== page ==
Ask SJ

#AskSJ: Much Ado About WhatsApp

What would you do if there was no WhatsApp for you to post about how someone did something wrong to you?

Dear SJ:

I’m loving #AskSJ and I’m concerned by this trend where people put statuses on WhatsApp talking about people be it friends or lovers when someone has a problem with them and yet they don’t say who exactly they are referring to. These days you see all sorts of annoying statuses.  I want you to ask people “What would you do if there was no WhatsApp for you post about how someone did something wrong to you?” I don’t think WhatsApp is the platform for people to go on about you heard gossip about you or how you are fed up with your relationship. May you please help me with something profound on how people can do better in that regard?
– WhatsApp must fall.

 

Dear ‘WhatsApp must fall’

Readers, you heard the lady – she sent a voice note – What would you do if there was no WhatsApp for you to post about how someone did something wrong to you? Tweet us at @EnthuseMag.

I would love to say that the problem is WhatsApp. It’s not. It’s how people use it. I get this sort of problems about it all the time. Because of the ability to type and print words to masses, every person has become a publisher. With the tap of your hands, you can type a long message and be agenda-setting like a newspaper.

I call it The Numbing of a Society.

It’s something that I had to learn myself. You pick a few lines of a song, paste them on your social media and people put two-and-two together. Many times, people will post stuff from somewhere without acknowledging the source of the words. It’s a poor way of trying to be profound or as Ranga Mberi once referred to it as “fake deepness” on Twitter.

So you have people trying “fake deepness” in the hope that people will understand exactly what they are talking about. Communication has been very hard for humans because you end up rambling and ranting instead. You are absolutely right. WhatsApp or the rest of the social media apps are not the places to air one’s personal relationship problems. Celebrities are the worst these days because they have taught us that it’s all about the clap back. It then becomes about showing off one’s verbal diarrhea.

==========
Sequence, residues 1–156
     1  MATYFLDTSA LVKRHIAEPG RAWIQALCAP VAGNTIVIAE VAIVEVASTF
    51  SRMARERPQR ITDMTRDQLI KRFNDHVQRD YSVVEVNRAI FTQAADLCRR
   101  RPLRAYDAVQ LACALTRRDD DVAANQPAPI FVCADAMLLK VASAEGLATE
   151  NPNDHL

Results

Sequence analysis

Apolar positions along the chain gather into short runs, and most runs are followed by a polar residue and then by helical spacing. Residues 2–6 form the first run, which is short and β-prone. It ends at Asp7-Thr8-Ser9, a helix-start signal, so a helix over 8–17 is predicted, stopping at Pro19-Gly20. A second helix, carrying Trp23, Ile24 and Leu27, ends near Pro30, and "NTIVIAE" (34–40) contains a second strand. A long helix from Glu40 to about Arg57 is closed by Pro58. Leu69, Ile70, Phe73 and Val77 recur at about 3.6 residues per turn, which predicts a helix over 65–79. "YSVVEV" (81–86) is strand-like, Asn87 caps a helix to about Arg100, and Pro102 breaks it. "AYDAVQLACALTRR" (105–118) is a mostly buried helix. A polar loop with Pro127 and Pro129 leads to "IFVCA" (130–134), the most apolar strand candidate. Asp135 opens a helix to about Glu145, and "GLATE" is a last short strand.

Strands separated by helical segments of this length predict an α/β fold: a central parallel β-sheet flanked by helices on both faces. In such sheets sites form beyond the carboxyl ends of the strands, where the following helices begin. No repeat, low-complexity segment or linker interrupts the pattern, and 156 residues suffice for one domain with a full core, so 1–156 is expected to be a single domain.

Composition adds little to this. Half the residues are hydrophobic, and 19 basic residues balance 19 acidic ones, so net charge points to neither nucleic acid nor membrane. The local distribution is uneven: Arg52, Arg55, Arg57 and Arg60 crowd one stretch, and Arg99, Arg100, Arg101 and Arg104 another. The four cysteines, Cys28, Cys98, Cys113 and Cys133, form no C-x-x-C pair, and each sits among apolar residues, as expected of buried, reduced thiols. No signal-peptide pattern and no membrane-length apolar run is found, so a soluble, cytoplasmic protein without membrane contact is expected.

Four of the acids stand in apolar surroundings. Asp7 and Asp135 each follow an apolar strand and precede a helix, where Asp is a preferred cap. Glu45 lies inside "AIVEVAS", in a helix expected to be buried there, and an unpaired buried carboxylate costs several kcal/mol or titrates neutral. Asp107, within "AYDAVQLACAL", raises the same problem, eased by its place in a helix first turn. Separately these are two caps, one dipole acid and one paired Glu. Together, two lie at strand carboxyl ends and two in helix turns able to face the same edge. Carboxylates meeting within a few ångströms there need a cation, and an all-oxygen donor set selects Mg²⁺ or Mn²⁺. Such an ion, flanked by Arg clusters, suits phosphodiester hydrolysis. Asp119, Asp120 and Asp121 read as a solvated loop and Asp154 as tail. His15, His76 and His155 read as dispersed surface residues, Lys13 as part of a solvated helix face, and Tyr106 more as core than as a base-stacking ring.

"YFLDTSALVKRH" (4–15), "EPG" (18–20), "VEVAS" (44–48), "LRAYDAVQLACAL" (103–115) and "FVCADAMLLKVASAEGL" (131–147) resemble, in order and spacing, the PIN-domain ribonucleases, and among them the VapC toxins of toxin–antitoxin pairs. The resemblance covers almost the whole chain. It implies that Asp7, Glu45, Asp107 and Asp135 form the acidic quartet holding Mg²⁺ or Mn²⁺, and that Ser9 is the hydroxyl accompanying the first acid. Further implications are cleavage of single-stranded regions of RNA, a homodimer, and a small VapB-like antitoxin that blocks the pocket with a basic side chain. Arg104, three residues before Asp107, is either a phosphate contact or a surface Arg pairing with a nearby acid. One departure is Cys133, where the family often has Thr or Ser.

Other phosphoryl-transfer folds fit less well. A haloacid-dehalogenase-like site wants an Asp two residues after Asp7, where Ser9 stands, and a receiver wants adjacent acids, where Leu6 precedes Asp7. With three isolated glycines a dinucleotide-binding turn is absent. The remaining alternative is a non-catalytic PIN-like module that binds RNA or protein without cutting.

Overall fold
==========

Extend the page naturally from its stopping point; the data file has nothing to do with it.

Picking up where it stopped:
Many times, someone is genuinely aggrieved about their family, friends and relationship. Some people are good at addressing an issue there and there in person while some people are not. This means that someone will bottle it up and later spill it all over WhatsApp as a status or a burning hot profile picture with strong words. I am a do-as-I-do guy. Dump people like that. People with poor communication skills are the worst and that’s a sign of immaturity. If dumping them is not an option, then I go back to saying be direct about a problem and say it to the person/s you have a problem with.

Rather you make the person feel bad about what they did than you feeling bad about what they did. That’s how people learn.

The bottom line is that weird statuses and posts are an indication of someone’s bad manners.

In essence, it has nothing to do with technology. It about good old bad manners and we live in the Love & Hip-Hop generation where being dramatic is hot stuff. People have become deliberately dramatic more than ever!

What would people do without WhatsApp? They would be forced to communicate directly with the person they have a problem with. It starts with you. Don’t do the same thing.  Hip-hop mogul Rev. Run says that “the best person to talk to about the problems in your relationship is the person you are in a relationship with. Often times you ask your friends and they haven’t got a clue of what’s really going on in your relationship and they’ll just make things more complicated.”

Sonny Jermain is an award-winning public health, maternal, sexual and reproductive health rights facilitator and a traditional psychic. This column appears Thursdays on Enthuse. Send questions to asksj@enthusemag.com or WhatsApp +263 77 274 8454. Follow @SonnyJermain.

 

 

 

 

 

 

 

 

 

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